Firemen's Charitable & Benevolent Association
Fire! In colonial New Orleans, this call for aid was a frequent reminder of a frightening reality. In 1788, when Louisiana was still under Spanish rule, 900 houses were burned to the ground in a historic fire. In 1794, an equally disastrous fire virtually destroyed the rebuilt city. Finally, city leaders passed the Bucket Ordinance in 1807. Every citizen was required to keep at least two fire buckets at home and ready; at the same time, a loosely organized fire brigade was mandated.
These early attempts at fire protection proved inadequate, and terrible fires continued to consume the city. It wasn’t until 1829 that the first reliable fire company was organized, Volunteer Company No. 1. Its first trial came soon after. Five thousand bales of cotton blazed at the Hart’s Cotton Press on St. Charles Street in 1830. The brave volunteers aimed a stream of water from their hand pump engine as a group of dedicated citizens rushed to aid the volunteer company. Soon afterwards, dedicated volunteers formed Mississippi Co. No. 2.
By 1834, the Firemen’s Charitable & Benevolent Association was formed with the organization of six bands of volunteers. The lasting importance of this effort probably never occurred to the 30 founders who banded together to provide relief for needy members and the families of their deceased members.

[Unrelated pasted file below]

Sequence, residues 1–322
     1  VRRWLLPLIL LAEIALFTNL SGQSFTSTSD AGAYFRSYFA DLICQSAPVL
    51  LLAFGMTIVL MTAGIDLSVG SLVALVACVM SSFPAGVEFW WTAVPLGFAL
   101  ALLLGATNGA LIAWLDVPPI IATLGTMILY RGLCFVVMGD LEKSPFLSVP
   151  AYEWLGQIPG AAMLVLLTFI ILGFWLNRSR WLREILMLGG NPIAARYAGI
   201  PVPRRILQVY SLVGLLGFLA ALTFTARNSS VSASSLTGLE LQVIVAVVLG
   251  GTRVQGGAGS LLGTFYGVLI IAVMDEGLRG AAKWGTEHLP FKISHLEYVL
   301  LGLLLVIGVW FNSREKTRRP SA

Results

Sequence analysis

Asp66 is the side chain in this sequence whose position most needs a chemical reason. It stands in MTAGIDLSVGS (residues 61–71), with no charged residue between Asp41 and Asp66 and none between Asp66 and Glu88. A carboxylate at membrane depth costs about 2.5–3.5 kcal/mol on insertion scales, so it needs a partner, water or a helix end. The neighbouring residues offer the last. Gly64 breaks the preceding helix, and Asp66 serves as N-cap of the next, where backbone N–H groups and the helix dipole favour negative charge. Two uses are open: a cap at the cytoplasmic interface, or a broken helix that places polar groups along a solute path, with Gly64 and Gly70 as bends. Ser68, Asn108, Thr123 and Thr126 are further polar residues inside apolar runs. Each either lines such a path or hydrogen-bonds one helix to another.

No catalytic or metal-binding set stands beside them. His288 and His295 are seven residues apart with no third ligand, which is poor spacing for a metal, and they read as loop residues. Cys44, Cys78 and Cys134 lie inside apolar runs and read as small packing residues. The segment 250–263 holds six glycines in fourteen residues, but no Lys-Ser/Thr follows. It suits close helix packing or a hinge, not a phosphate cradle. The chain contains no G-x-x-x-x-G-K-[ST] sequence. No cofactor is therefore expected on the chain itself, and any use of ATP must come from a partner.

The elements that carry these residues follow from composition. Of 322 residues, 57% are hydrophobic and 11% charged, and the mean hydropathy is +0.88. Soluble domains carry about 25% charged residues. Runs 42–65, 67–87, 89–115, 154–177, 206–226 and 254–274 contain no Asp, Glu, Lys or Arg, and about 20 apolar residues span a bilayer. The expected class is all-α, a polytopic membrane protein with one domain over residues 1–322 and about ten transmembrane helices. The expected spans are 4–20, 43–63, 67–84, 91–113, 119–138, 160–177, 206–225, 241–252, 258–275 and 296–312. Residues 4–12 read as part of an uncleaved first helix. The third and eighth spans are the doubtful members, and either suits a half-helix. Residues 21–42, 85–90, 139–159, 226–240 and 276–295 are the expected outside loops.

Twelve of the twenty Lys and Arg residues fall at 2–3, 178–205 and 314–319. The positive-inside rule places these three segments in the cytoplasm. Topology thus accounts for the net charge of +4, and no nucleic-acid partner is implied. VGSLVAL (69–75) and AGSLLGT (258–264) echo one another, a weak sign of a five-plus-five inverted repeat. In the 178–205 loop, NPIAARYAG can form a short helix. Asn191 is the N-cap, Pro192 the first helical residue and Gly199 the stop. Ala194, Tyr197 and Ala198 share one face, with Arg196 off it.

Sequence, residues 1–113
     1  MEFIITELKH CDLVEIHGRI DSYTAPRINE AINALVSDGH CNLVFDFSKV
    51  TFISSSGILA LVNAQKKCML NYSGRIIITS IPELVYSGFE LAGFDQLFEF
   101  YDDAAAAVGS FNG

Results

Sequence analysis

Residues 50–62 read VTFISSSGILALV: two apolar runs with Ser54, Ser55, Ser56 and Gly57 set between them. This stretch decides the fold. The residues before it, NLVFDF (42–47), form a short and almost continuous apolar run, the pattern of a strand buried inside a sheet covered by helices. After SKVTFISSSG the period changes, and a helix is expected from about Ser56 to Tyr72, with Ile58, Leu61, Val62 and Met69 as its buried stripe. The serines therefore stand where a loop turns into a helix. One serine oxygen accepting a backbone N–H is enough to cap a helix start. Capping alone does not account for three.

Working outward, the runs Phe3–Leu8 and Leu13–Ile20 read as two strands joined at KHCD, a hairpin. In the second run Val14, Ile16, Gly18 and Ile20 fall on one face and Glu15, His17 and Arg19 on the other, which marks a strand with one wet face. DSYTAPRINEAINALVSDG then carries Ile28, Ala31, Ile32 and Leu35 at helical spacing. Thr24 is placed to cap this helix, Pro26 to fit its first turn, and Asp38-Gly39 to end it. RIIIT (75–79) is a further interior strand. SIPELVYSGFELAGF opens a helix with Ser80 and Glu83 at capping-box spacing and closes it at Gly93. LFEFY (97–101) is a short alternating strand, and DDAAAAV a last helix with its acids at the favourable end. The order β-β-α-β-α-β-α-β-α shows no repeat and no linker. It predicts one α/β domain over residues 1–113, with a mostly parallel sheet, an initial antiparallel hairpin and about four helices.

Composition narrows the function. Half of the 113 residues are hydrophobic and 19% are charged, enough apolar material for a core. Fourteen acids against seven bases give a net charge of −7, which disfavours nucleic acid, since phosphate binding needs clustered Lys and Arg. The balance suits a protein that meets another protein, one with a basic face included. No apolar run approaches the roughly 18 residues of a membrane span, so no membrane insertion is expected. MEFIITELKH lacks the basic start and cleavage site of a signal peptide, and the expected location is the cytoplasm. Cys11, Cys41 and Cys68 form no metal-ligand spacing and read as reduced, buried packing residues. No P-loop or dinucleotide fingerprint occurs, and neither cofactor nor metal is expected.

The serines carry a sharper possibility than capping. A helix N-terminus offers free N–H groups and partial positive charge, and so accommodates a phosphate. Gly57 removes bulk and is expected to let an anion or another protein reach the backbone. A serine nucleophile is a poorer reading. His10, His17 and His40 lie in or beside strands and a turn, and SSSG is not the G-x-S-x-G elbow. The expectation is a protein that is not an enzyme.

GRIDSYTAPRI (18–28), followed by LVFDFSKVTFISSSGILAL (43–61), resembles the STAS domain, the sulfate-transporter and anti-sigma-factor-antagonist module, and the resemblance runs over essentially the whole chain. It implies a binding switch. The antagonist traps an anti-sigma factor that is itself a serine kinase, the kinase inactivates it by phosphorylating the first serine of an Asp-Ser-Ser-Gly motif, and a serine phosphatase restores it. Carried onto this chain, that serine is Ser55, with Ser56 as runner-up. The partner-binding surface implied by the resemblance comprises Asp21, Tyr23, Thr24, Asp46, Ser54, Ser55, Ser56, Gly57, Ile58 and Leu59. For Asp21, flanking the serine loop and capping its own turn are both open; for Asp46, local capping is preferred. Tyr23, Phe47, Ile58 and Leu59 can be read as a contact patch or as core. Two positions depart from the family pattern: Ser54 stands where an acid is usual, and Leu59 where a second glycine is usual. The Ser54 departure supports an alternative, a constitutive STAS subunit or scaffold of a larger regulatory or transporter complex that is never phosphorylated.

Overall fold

Greenwood Cemetery Firemen's Monument
The Dedicated Firemen of New Orleans
It is impossible to separate the history of the fire department in New Orleans from that of the Firemen’s Charitable & Benevolent Association. For 37 years, the FCBA administered the city’s fire department as an independent civic body while maintaining its activities as a charitable fraternity.
Volunteer firemen courageously answered the call to protect New Orleans’ lives and property long after the Civil War. However, technological advances would eventually extinguish volunteer fire departments across America. Steam engines eliminated the need for men to pump the water, and horse-drawn fire trucks replaced heavy pumps hauled by hand. In 1891, New Orleans joined major cities across America in organizing a professional fire department.
While volunteer firemen no longer protect the city, their dedication and sacrifice are not forgotten. The Firemen’s Charitable & Benevolent Association continues to preserve Cypress Grove and Greenwood cemeteries as a permanent memorial to the many brave volunteer firemen who gave their courage and, sometimes, their lives to protect their neighbors. The Firemen’s Charitable & Benevolent Association continues to preserve Cypress Grove and Greenwood cemeteries as a permanent memorial to the many brave volunteer firemen who gave their courage and, sometimes, their lives to protect their neighbors and their families.